Blood Journal
Leading the way in experimental and clinical research in hematology

Chlorogenic acid inhibits Bcr-Abl tyrosine kinase and triggers p38 mitogen-activated protein kinase–dependent apoptosis in chronic myelogenous leukemic cells

  1. Gautam Bandyopadhyay,
  2. Tanusree Biswas,
  3. Keshab C. Roy,
  4. Swapan Mandal,
  5. Chhabinath Mandal,
  6. Bikas C. Pal,
  7. Samir Bhattacharya,
  8. Srabanti Rakshit,
  9. Dilip K. Bhattacharya,
  10. Utpal Chaudhuri,
  11. Aditya Konar, and
  12. Santu Bandyopadhyay
  1. From the Indian Institute of Chemical Biology, Kolkata, India; Vivekananda Institute of Medical Sciences, Kolkata, India; and the Institute of Haematology and Transfusion Medicine, Medical College, Kolkata, India.

Abstract

We report that chlorogenic acid (Chl) induces apoptosis of several Bcr-Abl–positive chronic myelogenous leukemia (CML) cell lines and primary cells from CML patients in vitro and destroys Bcr-Abl–positive K562 cells in vivo. In contrast, this compound has no effect on the growth and viability of Bcr-Abl–negative lymphocytic and myeloid cell lines and primary CML cells. Sodium chlorogenate (NaChl) exhibits 2-fold higher efficiency in killing K562 cells compared with Chl. NaChl also induces growth inhibition of squamous cell carcinoma (HSC-2) and salivary gland tumor cells (HSG), although at 50-fold higher concentration. NaChl inhibits autophosphorylation of p210Bcr-Abl fusion protein rapidly. We demonstrate that p38 phosphorylation is increased in Bcr-Abl–positive cells after treatment with NaChl and closely paralleled the inhibition of Bcr-Abl phosphorylation. NaChl did not increase phosphorylation of p38 in Bcr-Abl–negative cells including HSC-2 and HSG that are responsive to this compound, indicating that p38 activation by NaChl is dependent on Bcr-Abl kinase inhibition. Inhibition of p38 activity by SB203580 significantly reduced NaChl-induced apoptosis of K562 cells, whereas activation of p38 by anisomycin augmented the apoptosis. These findings indicate that inhibition of Bcr-Abl kinase leading to activation of p38 mitogen-activated protein (MAP) kinase may play an important role in the anti-CML activity of Chl.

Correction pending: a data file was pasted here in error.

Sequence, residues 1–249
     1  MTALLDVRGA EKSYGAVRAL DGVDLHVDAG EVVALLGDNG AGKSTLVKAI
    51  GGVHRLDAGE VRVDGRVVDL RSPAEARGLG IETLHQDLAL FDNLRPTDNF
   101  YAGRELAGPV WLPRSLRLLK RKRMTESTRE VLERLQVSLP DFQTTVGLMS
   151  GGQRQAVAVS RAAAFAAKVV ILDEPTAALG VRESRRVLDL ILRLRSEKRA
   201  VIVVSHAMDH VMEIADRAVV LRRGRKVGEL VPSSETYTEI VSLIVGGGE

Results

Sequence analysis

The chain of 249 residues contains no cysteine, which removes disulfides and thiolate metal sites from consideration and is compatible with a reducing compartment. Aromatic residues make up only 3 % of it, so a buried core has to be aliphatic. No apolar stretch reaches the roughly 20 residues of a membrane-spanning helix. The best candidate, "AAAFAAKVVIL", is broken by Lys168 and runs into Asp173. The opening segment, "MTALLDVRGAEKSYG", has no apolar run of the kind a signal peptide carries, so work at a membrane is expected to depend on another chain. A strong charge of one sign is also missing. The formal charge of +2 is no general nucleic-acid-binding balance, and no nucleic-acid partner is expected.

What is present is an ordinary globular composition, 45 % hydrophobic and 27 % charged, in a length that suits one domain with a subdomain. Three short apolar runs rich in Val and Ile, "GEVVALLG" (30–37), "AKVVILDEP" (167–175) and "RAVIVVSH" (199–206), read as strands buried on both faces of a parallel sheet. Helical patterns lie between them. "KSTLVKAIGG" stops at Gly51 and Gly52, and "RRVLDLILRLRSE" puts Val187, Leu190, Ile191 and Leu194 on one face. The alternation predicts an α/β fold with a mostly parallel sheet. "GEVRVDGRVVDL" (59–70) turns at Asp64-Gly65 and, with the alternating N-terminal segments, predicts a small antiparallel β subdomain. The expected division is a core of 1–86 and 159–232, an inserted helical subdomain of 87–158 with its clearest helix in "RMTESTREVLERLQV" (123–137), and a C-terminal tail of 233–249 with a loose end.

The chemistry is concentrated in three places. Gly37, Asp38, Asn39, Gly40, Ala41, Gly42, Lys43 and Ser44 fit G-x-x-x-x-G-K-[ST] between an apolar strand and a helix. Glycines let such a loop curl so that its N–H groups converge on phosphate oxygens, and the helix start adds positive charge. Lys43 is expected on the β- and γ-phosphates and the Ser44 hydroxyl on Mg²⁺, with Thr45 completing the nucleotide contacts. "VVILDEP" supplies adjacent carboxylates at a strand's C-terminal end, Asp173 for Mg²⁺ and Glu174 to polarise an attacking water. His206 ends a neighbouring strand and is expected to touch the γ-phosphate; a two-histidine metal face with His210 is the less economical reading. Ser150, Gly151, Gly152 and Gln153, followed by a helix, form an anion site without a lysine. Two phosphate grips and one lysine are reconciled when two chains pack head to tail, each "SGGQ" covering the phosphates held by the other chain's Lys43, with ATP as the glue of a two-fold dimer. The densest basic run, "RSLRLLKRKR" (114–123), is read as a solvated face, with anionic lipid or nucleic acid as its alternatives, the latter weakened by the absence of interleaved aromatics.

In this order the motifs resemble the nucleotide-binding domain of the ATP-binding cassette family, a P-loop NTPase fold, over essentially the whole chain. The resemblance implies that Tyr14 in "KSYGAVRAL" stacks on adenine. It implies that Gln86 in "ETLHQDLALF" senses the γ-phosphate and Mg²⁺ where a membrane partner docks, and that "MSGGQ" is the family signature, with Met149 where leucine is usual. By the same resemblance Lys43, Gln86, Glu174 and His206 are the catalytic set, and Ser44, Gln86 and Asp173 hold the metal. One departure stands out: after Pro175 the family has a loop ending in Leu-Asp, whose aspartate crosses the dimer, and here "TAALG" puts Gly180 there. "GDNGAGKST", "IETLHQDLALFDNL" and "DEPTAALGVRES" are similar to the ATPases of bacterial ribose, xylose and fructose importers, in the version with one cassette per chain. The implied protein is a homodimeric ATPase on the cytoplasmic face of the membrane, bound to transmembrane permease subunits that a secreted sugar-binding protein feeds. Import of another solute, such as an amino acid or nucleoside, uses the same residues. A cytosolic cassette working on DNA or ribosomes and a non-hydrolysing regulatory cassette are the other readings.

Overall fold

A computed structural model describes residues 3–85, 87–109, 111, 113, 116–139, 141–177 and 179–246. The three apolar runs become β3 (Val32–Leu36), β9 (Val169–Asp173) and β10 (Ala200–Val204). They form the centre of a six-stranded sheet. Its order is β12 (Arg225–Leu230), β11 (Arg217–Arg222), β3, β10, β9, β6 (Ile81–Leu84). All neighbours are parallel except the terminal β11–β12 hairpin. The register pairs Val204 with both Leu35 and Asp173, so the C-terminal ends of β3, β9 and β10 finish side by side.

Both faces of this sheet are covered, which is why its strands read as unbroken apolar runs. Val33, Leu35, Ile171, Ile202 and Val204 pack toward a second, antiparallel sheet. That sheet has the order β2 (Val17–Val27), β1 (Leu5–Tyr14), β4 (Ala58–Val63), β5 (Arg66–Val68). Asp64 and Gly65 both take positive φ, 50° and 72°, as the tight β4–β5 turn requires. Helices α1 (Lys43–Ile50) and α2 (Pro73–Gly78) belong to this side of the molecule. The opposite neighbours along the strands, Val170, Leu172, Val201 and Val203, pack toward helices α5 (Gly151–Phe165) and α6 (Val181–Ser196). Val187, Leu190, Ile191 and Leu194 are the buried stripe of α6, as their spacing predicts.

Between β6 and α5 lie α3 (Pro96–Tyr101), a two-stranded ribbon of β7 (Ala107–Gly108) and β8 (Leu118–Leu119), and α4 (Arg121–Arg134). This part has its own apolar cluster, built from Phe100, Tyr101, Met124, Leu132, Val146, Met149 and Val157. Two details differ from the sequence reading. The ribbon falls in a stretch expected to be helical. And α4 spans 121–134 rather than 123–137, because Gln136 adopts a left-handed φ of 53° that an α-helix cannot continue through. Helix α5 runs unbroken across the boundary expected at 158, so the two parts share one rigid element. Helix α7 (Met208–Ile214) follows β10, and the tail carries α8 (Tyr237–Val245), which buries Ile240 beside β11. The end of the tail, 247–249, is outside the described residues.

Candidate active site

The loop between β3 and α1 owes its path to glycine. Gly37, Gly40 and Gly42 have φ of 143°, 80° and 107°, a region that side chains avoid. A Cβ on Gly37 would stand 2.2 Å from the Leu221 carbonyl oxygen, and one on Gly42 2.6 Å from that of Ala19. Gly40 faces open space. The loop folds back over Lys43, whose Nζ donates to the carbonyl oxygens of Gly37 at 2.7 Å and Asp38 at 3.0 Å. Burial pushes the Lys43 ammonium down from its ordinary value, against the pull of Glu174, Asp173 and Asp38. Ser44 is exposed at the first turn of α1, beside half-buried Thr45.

Introduction

Chronic myelogenous leukemia (CML) is a malignant clonal disorder of hematopoietic stem cells leading to massive expansion of myeloid lineage cells.1 The natural fate of CML is to progress from a benign chronic phase into the fatal blast crisis between approximately 3 and 5 years. Development of CML is associated with a specific chromosomal translocation known as the Philadelphia (Ph) chromosome that is detectable throughout the course of the disease.2 Somatic mutation in Ph chromosome originates from reciprocal translocation between the long arms of chromosomes 9 and 22 and fuses Bcr with c-Abl genetic sequences. Both the Bcr-Abl fusion proteins p210 and p185 can cause CML or acute leukemia.3,4 The p210 form of Bcr-Abl is seen in 95% of CML and in 20% of acute lymphocytic leukemia, whereas the p185 form is identified in about 10% of acute lymphocytic leukemia patients.5,6 The Bcr-Abl fusion proteins are constitutively active non–receptor tyrosine kinases whose activity is essential for transforming abilities.7 An almost universal presence of Bcr-Abl in CML patients made this fusion protein an attractive target for drug development. Bcr-Abl inhibitors, STI571, adaphostin, and PD173955, are capable of inducing a variable degree of apoptosis in human CML cells.8-10 The signal transduction pathways involved in mediating apoptosis by Bcr-Abl inhibitors are poorly defined. In the current study, we describe a novel Bcr-Abl kinase inhibitor that triggers p38 mitogen-activated protein (MAP) kinase–dependent apoptosis of Bcr-Abl–positive CML cells.